The Norway Rat, a relatively large rat, has successful adapted to Metro Vancouver

A hardy, aggressive, adaptable and sly animal. The Norway Rat has garnered more attention through urban myths than any other rat species. It’s called sewer rat, barn rat or even super rat depending on the region. These names indicate this animal impact on North American culture.

In the 1770s Norway Rat came to America with European Settlers and on trading ships. By 1827 the Norway Rat was a common sight in the eastern states. Today it thrives all-over North America.

Identification

The Norway Rat is relatively large. On average measuring 16 inches (41 cm) in length and weighing 12 to 16 ounces (340 g). Popular media often exaggerates the size of this rat. At first glance, one would notice the Norway rat’s tail is shorter than its body. Also, its snout is less pronounced than other rat species. This rat’s fur colour can vary from brown, white to pure gray or reddish-brown. Therefore, one can’t identify the animal on fur colour alone.

Reproduction

Norway Rats breed in the fall and spring with breeding decreases in the summer and winter. This breeding pattern is subject to climate and sanitation of their environment. Gestation lasts for 22 days. A female will produce a litter of about 8 to 12 pups. The pups will then reach sexual maturity in eight to twelve weeks. A Norway Rat can live up to 3 years in captivity, but only live from 5 to 12 months in the wild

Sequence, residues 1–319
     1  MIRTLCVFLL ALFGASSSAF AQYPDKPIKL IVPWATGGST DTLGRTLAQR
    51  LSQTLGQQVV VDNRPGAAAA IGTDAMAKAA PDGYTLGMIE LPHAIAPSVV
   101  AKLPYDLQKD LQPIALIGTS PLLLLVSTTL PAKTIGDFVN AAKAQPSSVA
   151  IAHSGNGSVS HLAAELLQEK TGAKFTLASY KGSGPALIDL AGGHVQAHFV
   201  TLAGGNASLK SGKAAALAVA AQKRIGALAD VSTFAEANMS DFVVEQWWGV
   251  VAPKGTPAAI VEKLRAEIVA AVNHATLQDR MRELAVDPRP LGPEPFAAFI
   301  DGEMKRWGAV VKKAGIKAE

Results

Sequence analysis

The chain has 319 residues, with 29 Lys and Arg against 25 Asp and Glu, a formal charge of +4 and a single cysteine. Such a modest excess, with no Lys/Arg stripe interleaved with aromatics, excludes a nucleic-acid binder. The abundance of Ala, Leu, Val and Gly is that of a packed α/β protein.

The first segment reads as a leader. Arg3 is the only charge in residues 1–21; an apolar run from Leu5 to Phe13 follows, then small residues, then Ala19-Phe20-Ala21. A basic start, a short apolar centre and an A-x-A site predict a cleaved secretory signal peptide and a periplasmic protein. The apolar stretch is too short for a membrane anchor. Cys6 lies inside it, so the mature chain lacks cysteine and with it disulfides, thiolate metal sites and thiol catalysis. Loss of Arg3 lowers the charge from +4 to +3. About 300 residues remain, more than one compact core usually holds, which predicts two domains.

Habitat

The Norway rat is, by nature, a ground-dwelling mammal, constructing its nest within subterranean burrows. They will often begin their burrows near heavy or large rocks, alongside building foundations and beneath slabs. Burrowing or nest-building behaviours can also be triggered (stimulated) by clutter, which further stresses the need to keep areas clutter-free. In addition to the entrance, they will also have one or two escape holes for a quick emergency exit.

Food Source

This rat is an opportunistic foraging omnivore. Eating almost anything it encounters including: human refuse, grain, insects or any other natural food. However, they tend to display “neophobic” tendencies. And often avoid new foods that suddenly appear, including bait!

Norway Rats are most active during dusk and just prior to dawn. But will forage several times over the course of a 24-hour period.

Rat Fact:
The Norway rat often referred to as a sewer rat, barn rat or even a super rat …

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